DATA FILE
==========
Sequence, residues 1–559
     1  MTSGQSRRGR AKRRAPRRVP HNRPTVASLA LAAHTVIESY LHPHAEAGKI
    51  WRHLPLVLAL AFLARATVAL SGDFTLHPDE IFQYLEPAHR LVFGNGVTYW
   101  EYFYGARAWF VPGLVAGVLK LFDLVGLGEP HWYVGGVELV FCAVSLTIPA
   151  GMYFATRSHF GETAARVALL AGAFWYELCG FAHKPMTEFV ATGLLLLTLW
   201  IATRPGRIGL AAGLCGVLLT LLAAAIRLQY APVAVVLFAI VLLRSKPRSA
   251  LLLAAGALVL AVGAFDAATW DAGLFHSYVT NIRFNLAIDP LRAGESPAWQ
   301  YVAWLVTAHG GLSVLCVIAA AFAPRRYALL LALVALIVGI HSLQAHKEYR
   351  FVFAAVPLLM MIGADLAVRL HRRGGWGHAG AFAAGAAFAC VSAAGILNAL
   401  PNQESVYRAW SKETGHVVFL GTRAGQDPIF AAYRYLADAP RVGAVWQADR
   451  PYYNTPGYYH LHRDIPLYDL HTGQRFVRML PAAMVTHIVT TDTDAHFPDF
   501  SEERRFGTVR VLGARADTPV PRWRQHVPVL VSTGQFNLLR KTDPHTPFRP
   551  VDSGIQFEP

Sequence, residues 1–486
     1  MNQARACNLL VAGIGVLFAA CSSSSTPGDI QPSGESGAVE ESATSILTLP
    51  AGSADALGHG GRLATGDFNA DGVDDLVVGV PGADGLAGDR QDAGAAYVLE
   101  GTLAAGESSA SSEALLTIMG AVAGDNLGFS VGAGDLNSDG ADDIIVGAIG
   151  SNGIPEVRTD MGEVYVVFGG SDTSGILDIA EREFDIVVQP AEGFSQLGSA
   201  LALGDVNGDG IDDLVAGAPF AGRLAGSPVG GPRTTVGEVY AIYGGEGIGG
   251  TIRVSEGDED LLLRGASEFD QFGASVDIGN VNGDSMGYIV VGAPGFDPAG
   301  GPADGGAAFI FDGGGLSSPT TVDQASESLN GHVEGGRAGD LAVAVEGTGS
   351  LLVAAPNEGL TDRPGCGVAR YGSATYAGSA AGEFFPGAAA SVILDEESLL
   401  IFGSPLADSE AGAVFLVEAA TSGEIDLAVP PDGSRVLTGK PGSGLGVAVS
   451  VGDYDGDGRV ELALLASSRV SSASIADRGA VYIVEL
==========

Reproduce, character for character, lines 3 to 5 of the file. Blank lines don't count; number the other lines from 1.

    51  WRHLPLVLAL AFLARATVAL SGDFTLHPDE IFQYLEPAHR LVFGNGVTYW
   101  EYFYGARAWF VPGLVAGVLK LFDLVGLGEP HWYVGGVELV FCAVSLTIPA
   151  GMYFATRSHF GETAARVALL AGAFWYELCG FAHKPMTEFV ATGLLLLTLW